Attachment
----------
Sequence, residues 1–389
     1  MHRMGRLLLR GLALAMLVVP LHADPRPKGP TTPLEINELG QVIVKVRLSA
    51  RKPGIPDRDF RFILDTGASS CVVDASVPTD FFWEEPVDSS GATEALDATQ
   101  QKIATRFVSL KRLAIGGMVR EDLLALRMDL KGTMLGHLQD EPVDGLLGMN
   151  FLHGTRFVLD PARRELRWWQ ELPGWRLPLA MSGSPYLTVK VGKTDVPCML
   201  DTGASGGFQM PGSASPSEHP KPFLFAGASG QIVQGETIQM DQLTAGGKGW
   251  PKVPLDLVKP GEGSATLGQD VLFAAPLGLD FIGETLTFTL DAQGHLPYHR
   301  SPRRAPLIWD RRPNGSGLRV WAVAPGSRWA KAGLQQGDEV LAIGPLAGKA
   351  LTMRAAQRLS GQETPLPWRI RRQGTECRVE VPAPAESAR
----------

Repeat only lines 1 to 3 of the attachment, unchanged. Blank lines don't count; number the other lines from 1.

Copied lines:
Sequence, residues 1–389
     1  MHRMGRLLLR GLALAMLVVP LHADPRPKGP TTPLEINELG QVIVKVRLSA
    51  RKPGIPDRDF RFILDTGASS CVVDASVPTD FFWEEPVDSS GATEALDATQ